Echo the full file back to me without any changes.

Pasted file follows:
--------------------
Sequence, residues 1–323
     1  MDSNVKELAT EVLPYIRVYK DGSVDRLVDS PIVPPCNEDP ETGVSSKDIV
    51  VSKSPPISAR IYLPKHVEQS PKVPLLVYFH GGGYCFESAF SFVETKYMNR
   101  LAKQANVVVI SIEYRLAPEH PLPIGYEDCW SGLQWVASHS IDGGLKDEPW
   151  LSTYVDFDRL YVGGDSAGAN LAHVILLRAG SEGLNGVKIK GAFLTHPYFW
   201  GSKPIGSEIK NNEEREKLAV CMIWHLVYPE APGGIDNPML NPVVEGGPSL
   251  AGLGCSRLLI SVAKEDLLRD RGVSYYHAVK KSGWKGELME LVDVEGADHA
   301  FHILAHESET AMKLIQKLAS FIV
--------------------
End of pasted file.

Sequence, residues 1–323
     1  MDSNVKELAT EVLPYIRVYK DGSVDRLVDS PIVPPCNEDP ETGVSSKDIV
    51  VSKSPPISAR IYLPKHVEQS PKVPLLVYFH GGGYCFESAF SFVETKYMNR
   101  LAKQANVVVI SIEYRLAPEH PLPIGYEDCW SGLQWVASHS IDGGLKDEPW
   151  LSTYVDFDRL YVGGDSAGAN LAHVILLRAG SEGLNGVKIK GAFLTHPYFW
   201  GSKPIGSEIK NNEEREKLAV CMIWHLVYPE APGGIDNPML NPVVEGGPSL
   251  AGLGCSRLLI SVAKEDLLRD RGVSYYHAVK KSGWKGELME LVDVEGADHA
   301  FHILAHESET AMKLIQKLAS FIV